Ann Finkbeiner, author of 2007's The Jasons: The Secret History of Science's Postwar Elite (among other things) and contributor to The Last Word On Nothing, recently had a fascinating exchange with one of my favorite journalists, USA Today's Dan Vergano.

I read USA Today twice a week, I buy it when I go out to breakfast and I read the whole thing - except for things like the weather and television listings. Why would a guy who can't even order breakfast in under 1,000 words read USA Today?  I respect people who can get to the point. I've never had my name appear on a USA Today article that didn't start out at over 1,000 words but end up under 600, and every time I was impressed by how well editors were able to 'get' the high points, comment effectively about where to pare it all down, and help achieve some clarity.

Dan can tell a story in 400 words and I always feel like I got a little smarter afterward. That's an art.  And he had a doozy of a story to tell in Conversation with Dan Vergano: the Science Ghetto - namely that "mummies, exploding stars and the sex life of ducks" were what science writers were giving the audience, and that a lack of meaningful context reinforced the idea of "a secret garden walled off, and walling itself off, from the rest of the world."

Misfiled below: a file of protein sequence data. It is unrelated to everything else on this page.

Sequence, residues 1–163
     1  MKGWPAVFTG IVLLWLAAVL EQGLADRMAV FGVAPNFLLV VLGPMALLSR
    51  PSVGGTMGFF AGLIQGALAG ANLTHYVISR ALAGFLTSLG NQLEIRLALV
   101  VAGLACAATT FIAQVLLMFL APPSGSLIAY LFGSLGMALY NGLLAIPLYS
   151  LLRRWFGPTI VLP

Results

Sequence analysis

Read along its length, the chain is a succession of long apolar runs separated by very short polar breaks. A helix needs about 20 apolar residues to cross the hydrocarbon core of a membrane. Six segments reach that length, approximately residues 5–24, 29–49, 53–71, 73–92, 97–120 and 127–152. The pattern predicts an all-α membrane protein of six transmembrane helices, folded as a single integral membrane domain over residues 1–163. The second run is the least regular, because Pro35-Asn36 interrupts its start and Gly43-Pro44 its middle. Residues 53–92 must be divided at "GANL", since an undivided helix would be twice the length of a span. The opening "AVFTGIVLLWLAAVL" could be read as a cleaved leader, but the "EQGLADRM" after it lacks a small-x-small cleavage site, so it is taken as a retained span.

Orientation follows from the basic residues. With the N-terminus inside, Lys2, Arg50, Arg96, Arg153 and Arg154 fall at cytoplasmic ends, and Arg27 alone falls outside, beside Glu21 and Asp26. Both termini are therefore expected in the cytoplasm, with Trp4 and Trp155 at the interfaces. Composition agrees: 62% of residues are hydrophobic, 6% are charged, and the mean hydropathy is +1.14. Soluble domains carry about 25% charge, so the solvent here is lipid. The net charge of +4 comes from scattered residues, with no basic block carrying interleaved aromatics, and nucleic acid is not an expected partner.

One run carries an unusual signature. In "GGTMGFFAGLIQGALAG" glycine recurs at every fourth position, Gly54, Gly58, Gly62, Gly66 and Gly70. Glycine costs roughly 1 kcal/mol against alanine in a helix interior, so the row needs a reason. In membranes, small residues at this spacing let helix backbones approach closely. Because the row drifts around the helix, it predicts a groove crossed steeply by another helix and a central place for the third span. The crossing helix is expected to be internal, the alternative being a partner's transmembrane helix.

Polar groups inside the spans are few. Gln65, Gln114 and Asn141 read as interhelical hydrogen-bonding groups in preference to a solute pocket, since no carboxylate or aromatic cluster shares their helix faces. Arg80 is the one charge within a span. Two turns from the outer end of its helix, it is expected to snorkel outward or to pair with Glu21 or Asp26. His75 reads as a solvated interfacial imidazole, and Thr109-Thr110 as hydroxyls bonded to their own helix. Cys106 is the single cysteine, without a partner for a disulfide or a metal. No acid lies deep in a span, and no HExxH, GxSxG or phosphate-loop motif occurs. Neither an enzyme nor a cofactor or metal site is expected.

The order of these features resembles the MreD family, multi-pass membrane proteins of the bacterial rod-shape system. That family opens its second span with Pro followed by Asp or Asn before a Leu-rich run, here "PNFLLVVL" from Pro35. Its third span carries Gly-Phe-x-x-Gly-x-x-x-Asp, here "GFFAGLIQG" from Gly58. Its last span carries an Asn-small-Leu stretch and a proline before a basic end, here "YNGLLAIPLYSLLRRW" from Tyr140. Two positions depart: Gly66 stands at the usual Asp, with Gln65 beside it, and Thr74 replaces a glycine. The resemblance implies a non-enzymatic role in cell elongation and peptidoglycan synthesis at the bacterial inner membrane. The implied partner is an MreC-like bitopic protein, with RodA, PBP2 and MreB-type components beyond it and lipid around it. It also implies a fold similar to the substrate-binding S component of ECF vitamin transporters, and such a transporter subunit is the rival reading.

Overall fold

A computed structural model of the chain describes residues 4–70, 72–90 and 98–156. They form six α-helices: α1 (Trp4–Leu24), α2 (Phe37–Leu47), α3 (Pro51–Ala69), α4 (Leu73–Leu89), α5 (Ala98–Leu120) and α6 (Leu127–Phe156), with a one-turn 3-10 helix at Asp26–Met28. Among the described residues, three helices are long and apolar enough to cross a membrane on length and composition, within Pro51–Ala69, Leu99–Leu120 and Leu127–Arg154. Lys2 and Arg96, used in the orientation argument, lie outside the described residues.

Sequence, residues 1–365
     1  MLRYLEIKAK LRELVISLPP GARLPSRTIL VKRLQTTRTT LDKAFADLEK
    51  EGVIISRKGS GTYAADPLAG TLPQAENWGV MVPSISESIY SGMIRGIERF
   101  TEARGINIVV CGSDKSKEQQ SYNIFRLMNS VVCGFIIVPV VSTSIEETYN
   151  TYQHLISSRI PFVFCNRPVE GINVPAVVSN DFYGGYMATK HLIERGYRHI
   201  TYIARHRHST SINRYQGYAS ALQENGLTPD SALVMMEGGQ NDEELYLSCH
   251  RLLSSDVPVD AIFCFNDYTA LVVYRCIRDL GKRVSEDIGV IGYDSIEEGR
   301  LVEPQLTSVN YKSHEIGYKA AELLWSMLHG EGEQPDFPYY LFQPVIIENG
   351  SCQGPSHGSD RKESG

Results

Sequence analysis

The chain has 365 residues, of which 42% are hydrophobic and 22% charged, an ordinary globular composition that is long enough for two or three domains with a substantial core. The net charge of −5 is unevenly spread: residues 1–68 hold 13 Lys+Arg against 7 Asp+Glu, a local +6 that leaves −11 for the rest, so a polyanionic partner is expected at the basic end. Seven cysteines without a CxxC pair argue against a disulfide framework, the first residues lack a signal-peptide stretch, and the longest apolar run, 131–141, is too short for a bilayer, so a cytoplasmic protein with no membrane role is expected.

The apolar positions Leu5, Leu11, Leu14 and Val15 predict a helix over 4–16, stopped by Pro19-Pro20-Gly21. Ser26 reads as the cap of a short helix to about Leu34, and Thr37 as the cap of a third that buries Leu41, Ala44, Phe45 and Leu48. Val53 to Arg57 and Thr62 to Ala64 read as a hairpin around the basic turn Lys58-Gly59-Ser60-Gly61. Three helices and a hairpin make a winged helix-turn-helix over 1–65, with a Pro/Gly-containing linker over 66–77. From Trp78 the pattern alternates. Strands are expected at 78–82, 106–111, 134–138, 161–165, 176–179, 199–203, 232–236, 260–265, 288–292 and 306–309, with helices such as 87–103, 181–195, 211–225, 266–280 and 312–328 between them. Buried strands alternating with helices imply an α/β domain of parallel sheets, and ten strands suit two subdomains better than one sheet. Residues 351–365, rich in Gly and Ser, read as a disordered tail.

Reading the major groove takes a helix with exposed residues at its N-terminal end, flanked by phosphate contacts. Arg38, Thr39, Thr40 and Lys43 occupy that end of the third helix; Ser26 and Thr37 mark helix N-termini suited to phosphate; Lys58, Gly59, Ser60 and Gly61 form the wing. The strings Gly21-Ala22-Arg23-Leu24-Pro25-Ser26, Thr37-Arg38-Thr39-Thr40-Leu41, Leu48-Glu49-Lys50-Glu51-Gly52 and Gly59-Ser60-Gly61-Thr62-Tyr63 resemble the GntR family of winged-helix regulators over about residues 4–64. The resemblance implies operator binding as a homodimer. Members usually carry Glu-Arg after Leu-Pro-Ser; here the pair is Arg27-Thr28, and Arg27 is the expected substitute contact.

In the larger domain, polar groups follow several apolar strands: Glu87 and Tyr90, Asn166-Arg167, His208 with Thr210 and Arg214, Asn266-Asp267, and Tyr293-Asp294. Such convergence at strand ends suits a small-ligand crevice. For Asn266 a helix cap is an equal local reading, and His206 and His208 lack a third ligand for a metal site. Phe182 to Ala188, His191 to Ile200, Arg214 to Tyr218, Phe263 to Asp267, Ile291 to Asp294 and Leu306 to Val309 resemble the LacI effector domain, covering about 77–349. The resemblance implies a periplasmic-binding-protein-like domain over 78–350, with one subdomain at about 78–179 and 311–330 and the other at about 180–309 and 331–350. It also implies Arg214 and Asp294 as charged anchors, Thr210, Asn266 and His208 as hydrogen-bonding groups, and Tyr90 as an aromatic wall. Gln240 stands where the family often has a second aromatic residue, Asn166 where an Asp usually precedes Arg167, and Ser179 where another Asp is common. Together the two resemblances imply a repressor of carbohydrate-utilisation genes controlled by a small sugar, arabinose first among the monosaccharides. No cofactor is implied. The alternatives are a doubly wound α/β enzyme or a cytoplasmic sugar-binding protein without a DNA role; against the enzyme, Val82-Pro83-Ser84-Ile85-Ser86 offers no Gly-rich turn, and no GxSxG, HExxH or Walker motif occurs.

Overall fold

Kind of like hipsters who don't want to be caught caring - it's cooler to be ignored by the proletariat than to actually want to be read by anyone except each other. And then everybody can complain that no one cares about science.(1)

But of course people do care about science. It is just science journalism they can do without. The science audience just in America is 65 million people, science literacy has tripled among adults since I was in college, all of that while science journalism jobs have plummeted.  A chapter in Science Left Behind discusses the decline of science journalism and as an outsider looking in (very much not part of the science ghetto hipster elite), it was obvious that science journalists had lost their place in the discourse because the public did not trust them and, for the most part, scientists did not trust them either.  If you are not going to be trusted guides for the public and ask the awkward journalistic questions of people whose work you happen to admire, the public does not need you. It's just cheerleading and they can get that from press releases in Science Codex or Phys Org.  That chapter also shows how to fix it. (2)